But for those of you who like to know the archaeological data, here’s what was said: Carving 391a is a “small rock towards SW edge of cairn, with single worn cup”; but this stone is actually closer to the northern section of the cairn. Carving 391b was told to be a “small dome-shaped rock at extreme S edge of cairn with single, small clear cup at top of dome.” This again is more on the northern section of the cairn, away from the centre. Carving 391c was described as a “small oval, rounded rock at N edge of cairn, with single, broad, shallow worn cup.” Whilst carving 391d which was told to be a “small rock at SSE edge of cairn, with single small worn cup.” However, we have to take into account that any errors about their position may simply be down to the fact that the small rocks have been moved.
As you’ll see in the photos here, one of them is actually near the very centre of the cairn, with the cup-marking etched into the edge of the small rock itself. I’m not quite sure if this is the additional fifth carving in the cairn, or whether it’s one of those wrongly ascribed as being in another position. It’s hard to tell, as the local Ilkley Archaeology team don’t publish their findings and information on-line as they should do and unless you’re in their little club they’re hard to get info out of. So this will have to do for the time being I’m afraid. Also note how one of the cup-marked stones is of a rock-type different to the local millstone grit.
The creation myth of the Little Skirtful itself tells that the giant Rombald (who gives his name to the moor) was in trouble with his wife and when he stepped over to Almscliffe Crags from here, his giant wife – who is never named – dropped a small bundle of stones she was carrying in her apron. Harry Speight (1900) tells us of a variation of the tale,
“which tradition says was let fall by the aforementioned giant Rumbalds, while hastening to build a bridge over the Wharfe.”
Variations on this story have said it was the devil who made the site, but this is a denigrated christian variant on the earlier, and probably healthier, creation tale. Similar tales are told of the Great Skirtful of Stones, 500 yards south.
The cluster of portable small stones with single cup-marks on them relates to traditions found in other cultures in the world where, usually, women would carry such items in their aprons and deposit them at or on the tomb, in honour of the ancestor or spirit known to be resident at the sacred site. The folklore found at the Little Skirtful (and Great Skirtful too) of Rombald’s wife dropping the rocks here and forming the giant tomb, probably derive from variants of this same honorary practice.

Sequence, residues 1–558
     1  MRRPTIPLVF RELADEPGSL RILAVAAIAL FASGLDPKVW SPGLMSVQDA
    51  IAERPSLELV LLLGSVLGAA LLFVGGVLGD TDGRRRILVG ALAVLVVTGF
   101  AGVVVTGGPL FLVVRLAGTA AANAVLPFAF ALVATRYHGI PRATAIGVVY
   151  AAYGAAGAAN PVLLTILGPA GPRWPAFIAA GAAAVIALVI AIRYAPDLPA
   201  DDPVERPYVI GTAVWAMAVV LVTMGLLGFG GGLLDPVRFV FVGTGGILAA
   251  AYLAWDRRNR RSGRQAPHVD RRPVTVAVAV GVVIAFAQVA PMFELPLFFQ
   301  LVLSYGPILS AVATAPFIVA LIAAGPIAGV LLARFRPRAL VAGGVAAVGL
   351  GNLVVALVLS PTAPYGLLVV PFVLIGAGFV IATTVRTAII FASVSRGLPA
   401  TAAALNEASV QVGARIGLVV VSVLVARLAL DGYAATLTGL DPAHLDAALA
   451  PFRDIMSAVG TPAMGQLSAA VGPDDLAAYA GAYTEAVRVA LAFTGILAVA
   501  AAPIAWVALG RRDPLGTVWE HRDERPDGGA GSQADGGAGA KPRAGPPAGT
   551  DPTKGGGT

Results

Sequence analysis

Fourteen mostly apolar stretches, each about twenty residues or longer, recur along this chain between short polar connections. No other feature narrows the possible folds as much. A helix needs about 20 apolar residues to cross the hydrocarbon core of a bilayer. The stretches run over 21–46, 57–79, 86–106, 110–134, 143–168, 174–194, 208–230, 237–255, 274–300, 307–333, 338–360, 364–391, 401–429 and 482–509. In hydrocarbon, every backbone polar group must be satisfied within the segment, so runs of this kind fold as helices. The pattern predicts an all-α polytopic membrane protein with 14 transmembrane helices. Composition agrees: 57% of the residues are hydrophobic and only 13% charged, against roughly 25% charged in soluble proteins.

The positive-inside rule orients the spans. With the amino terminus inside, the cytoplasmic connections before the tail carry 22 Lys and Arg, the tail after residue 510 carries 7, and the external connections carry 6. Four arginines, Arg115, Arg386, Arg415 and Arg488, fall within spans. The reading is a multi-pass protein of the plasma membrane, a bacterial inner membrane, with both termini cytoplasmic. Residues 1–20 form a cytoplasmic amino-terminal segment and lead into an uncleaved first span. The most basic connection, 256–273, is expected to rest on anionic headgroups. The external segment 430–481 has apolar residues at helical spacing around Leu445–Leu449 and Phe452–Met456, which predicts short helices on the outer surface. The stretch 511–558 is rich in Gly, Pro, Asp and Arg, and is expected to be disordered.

Bennett, Paul, The Old Stones of Elmet, Capall Bann: Chieveley 2001.
Boughey, Keith & Vickerman, E.A., Prehistoric Rock Art of the West Riding, WYAA 2003.
Cowling, Eric T., Rombald’s Way, William Walker: Otley 1946.
Take the A6034 road between Addingham and Silsden and, at the very top of the hill between the two towns, at Cringles, take the small road of Cringles Lane north towards Draughton. Less than a mile on, veer to left and go along Bank Lane until you reach the track and footpath on your right that takes you to Moorock Hall. On the other side of the Hall, take the track on your left, along the wallside; and where the track turns left again, look into the field on the other side of the wall. You can see some of the ditch and embankment running across the field.
Archaeology & History
Found within the southwestern segment of the gigantic Counter Hill enclosure, near Woofa Bank, Eric Cowling (1946) described “an almost obliterated fortification” which has certainly seen better days — though you can make out the ditched earthwork pretty easily at ground level. When T.D. Whitaker visited this place sometime before 1812, he described it as a camp that “was found to contain numbers of rude (?!?) fireplaces constructed of stone and filled with ashes.” He also thought the enclosure was Roman in nature.
It’s a large site. Running around the outer edge of the embankment, this enclosure measures roughly 378 yards (345m) in circumference. It has diameters measuring, roughly east-west, 132 yards (121m); and north-south is 95 yards (87m). The ditch that defines the edges of the enclosure averages 6-7 yards across and is give or take a yard deep throughout — but this is not an accurate reflection of the real depth, as centuries of earth have collected and filled the ditch. An excavation is necessary to reveal the true depth of this. There also seems to have been additional features constructed inside the enclosure, but without an excavation we’ll never know what they are. Examples of cup-marked stones can be found nearby.
The Marchup Hill enclosure was described by the early antiquarian James Wardell (1869), who visited this and the other earthworks around Counter Hill. He told that this was,
“of oblong form, but broadest at the west end, and rather larger than the other. When the area of this camp was broken up, there were found some numbers of rude fireplaces constructed of stone and filled with ashes, and also a large perforated bead of jet.”